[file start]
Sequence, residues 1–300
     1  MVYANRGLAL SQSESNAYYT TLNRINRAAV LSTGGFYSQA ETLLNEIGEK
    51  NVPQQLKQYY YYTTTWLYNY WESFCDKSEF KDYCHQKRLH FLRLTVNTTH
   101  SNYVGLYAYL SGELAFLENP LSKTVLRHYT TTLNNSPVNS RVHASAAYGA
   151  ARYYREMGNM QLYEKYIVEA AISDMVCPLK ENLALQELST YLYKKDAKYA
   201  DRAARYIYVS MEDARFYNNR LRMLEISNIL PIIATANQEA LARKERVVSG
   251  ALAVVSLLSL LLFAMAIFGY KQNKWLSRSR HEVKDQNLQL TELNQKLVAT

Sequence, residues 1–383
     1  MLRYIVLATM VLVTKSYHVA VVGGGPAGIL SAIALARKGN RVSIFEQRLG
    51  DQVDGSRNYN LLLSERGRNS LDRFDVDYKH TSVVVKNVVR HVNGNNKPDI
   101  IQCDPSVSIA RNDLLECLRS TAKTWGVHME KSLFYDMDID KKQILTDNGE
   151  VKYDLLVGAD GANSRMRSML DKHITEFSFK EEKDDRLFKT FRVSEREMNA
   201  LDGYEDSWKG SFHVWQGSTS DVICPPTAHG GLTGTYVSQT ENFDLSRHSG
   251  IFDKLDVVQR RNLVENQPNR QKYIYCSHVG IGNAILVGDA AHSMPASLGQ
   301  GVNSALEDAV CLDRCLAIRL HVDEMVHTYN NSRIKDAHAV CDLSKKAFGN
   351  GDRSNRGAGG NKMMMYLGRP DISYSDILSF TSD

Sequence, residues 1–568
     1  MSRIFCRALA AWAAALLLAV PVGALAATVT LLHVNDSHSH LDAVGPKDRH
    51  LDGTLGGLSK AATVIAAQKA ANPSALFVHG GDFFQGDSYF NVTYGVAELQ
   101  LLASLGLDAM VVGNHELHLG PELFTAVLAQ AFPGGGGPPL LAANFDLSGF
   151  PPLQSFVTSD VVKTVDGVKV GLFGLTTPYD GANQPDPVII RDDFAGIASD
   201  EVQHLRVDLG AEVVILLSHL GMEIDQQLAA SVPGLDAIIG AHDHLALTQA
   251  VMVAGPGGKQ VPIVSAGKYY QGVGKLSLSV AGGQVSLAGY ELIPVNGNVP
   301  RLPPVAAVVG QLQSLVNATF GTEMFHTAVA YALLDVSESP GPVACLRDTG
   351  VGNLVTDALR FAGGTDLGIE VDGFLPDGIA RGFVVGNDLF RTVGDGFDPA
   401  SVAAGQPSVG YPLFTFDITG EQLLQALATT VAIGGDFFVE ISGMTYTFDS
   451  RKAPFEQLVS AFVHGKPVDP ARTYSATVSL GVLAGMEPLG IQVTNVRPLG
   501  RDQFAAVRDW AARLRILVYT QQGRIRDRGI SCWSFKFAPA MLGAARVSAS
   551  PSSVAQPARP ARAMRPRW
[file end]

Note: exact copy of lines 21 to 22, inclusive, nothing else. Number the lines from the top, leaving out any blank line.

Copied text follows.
   151  PPLQSFVTSD VVKTVDGVKV GLFGLTTPYD GANQPDPVII RDDFAGIASD
   201  EVQHLRVDLG AEVVILLSHL GMEIDQQLAA SVPGLDAIIG AHDHLALTQA